# EIGRP - Metric Equation Multipliers

When evaluating the metric using EIGRP, we use the EIGRP metric equation. Depending upon the version used, the metric equation may use a multiplier to normalize the metric to the metric needed.

The original metric equation was created and used for IGRP, which is EIGRP's predecessor. That equation is the following:

$\text{IGRP Metric} = \left[K1 \times \text{Bandwidth} + \frac{(K2 \times \text{Bandwidth})}{(256 - \text{Load})} + K3 \times \text{Delay}\right] \times \left[K5 / (\text{Reliability} + K4)\right]$This equation gives a metric with a value represented by 24 bits. EIGRP however uses a metric that is 32 bits in length. Because EIGRP was created to be backward compatible with IGRP, it uses the same metric equation with a multiplier of 256 like so:

$\text{EIGRP Metric} = 256 \times \left[K1 \times \text{Bandwidth} + \frac{(K2 \times \text{Bandwidth})}{(256 - \text{Load})} + K3 \times \text{Delay}\right] \times \left[K5 / (\text{Reliability} + K4)\right]$The multiplier is essentially used to shift the value of the metric equitation 8 bits to the left. So if you have a metric of 5876966 in IGRP for example, that would look like this in 24-bit binary:

`010110011010110011100110`

Multiply that by 256 and we shift all bits to the left by eight positions, and add zeros at the end like this:

`010110011010110011100110`

`00000000`

This shift does not directly increase the granularity of the metric, as the values remain divisible by 256. However, mechanisms like QoS extensions in EIGRP and its use in DMVPN can provide more granular results. The additional bit space also allows for future enhancements and protocol extensions. Typically, the last 8 bits are kept at zero in most implementations but are available for specialized uses and future protocol expansions.

A similar multiplication takes place when using EIGRP Wide Metrics formula. The classic EIGRP formula is multiplied by 65536 to get the wide metrics formula like so:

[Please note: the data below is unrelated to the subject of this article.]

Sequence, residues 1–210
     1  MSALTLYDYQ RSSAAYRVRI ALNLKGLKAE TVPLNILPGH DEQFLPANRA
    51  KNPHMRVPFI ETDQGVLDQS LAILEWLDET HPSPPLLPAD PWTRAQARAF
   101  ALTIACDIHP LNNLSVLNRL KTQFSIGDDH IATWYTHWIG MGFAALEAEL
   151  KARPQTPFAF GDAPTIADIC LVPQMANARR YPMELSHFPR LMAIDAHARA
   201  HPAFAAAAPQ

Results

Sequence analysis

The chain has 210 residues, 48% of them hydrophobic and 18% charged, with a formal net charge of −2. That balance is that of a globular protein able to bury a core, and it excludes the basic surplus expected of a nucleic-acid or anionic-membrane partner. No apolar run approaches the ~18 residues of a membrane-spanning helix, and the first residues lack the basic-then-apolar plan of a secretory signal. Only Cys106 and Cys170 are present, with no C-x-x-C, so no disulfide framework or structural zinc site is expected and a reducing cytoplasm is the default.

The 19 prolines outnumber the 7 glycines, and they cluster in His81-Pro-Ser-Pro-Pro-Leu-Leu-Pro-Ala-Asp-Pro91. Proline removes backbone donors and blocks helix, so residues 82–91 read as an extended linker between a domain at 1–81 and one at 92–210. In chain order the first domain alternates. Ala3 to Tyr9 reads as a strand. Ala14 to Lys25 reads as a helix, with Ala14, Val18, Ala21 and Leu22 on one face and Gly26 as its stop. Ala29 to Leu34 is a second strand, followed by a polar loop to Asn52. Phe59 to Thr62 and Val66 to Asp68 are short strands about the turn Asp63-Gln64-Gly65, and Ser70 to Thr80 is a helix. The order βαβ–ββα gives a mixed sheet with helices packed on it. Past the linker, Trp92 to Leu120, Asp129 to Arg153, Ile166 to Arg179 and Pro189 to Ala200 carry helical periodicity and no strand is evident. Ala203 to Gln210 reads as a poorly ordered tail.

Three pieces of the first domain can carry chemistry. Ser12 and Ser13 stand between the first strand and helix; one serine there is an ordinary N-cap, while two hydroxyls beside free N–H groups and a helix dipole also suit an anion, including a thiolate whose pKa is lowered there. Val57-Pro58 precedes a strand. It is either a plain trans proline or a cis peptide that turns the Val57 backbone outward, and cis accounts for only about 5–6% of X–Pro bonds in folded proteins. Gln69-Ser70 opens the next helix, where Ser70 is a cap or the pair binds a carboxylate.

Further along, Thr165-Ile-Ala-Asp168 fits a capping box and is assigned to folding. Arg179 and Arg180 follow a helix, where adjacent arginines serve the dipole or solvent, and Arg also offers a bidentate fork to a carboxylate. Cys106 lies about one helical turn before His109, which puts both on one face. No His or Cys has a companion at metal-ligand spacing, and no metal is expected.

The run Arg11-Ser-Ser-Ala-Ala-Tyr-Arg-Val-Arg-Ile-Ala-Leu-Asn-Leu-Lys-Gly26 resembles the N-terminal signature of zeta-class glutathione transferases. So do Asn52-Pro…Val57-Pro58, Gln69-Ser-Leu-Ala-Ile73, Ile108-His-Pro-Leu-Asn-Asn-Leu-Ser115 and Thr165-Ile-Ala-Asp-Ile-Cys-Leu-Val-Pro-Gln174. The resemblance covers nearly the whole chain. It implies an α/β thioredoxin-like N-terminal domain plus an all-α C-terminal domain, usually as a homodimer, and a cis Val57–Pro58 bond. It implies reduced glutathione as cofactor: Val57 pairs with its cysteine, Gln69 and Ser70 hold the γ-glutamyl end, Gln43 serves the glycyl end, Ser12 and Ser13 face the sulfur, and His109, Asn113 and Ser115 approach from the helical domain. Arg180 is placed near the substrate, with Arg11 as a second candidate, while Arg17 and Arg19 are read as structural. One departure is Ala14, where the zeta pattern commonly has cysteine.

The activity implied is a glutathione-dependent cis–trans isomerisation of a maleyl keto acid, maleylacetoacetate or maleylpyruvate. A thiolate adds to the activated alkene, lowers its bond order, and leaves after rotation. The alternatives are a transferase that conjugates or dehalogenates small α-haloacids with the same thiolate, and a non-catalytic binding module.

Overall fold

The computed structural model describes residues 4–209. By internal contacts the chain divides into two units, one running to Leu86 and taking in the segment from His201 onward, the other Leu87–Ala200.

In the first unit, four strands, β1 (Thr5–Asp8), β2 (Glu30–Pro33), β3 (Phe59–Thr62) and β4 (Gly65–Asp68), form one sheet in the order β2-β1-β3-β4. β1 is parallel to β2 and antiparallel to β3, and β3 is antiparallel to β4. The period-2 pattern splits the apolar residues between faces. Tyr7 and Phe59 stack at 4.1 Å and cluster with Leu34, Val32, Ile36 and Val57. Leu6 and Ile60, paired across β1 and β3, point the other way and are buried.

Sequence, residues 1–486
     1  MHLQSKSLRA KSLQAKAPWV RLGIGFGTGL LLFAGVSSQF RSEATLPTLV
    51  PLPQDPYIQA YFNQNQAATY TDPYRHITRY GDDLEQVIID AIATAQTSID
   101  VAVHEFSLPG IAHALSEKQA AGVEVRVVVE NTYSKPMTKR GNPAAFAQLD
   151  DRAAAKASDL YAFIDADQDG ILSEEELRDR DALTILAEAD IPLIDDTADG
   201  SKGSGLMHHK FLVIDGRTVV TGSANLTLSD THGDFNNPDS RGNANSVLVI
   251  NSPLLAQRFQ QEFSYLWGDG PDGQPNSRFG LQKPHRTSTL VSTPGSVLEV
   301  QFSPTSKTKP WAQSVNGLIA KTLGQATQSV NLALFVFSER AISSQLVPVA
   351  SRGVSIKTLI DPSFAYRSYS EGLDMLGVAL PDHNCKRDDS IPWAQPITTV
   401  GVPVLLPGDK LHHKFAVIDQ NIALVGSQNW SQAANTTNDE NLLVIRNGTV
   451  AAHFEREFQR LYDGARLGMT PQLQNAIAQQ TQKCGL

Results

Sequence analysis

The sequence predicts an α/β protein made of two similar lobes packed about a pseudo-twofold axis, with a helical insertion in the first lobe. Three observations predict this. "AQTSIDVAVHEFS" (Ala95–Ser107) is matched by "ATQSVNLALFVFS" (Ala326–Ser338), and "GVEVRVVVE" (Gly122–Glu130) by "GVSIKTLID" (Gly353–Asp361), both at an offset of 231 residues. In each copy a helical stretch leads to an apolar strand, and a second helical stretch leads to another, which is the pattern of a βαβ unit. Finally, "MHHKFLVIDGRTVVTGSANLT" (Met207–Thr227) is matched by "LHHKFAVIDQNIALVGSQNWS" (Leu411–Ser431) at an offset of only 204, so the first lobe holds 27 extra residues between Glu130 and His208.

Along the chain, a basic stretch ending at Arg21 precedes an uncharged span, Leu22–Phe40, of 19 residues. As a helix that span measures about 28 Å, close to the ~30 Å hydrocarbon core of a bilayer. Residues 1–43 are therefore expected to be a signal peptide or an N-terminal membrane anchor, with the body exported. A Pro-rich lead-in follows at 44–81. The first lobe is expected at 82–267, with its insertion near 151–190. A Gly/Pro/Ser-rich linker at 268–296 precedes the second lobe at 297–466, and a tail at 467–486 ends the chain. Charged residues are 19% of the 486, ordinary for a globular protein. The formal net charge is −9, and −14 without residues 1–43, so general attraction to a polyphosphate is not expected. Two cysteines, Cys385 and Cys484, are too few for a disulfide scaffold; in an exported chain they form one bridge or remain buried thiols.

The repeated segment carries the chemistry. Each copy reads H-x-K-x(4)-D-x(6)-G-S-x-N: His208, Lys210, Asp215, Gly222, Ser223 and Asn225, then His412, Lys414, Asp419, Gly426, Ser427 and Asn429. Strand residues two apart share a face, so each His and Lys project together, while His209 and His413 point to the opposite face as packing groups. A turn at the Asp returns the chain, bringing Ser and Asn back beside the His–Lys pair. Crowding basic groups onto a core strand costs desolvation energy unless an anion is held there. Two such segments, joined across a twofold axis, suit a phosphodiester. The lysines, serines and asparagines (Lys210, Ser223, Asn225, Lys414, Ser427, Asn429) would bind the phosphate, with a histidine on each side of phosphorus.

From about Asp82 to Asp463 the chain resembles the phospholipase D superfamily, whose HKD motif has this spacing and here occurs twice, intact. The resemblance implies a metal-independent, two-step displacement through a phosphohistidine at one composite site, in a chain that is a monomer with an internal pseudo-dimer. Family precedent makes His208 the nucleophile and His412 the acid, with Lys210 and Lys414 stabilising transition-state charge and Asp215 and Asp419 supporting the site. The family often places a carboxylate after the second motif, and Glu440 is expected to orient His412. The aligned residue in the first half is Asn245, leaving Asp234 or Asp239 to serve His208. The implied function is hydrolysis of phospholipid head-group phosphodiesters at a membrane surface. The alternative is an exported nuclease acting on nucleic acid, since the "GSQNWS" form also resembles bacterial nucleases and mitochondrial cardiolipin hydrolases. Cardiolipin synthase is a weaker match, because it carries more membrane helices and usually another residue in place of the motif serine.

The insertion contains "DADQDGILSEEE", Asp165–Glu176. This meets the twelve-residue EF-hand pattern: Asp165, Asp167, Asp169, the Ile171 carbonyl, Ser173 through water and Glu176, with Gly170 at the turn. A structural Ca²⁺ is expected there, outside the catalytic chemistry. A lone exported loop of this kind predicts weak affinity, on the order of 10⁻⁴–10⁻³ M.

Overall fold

$\begin{aligned} & \text { Wide } \\ & \text { Metric }\end{aligned}=65,535 *\left[\left(\frac{\mathrm{K}_1{ }^* 10^7}{\text { Min. Bandwidth }}+\frac{\frac{\mathrm{K}_2{ }^* 10^7}{\text { Min. Bandwidth }}}{256-\text { Load }}+\frac{\mathrm{K}_3{ }^* \text { Latency }}{10^{* 6}}+\mathrm{K}_6{ }^*\right.\right. Extended \left.) * \frac{\mathrm{K}_5}{\mathrm{~K}_4+\text { Reliability }}\right]$This multiplier shifts all bits to the left by 16 positions. So looking at the previous example, if we were to apply this multiplier to the original value of:

`01011001101011001110011000000000`

we get:

`0000000000000000`

`01011001101011001110011000000000`

`0000000000000000`

This results in a set of 16 zeros before and another set of 16 zeros after the original value. As previously stated, this shift doesn't directly increase the granularity of the metric, but it allows for flexibility in both the most significant and least significant bits of the value for future expansions and modifications to the way that metrics are evaluated.

## Links

https://forum.networklessons.com/t/eigrp-wide-metrics/2114/28?u=lagapidis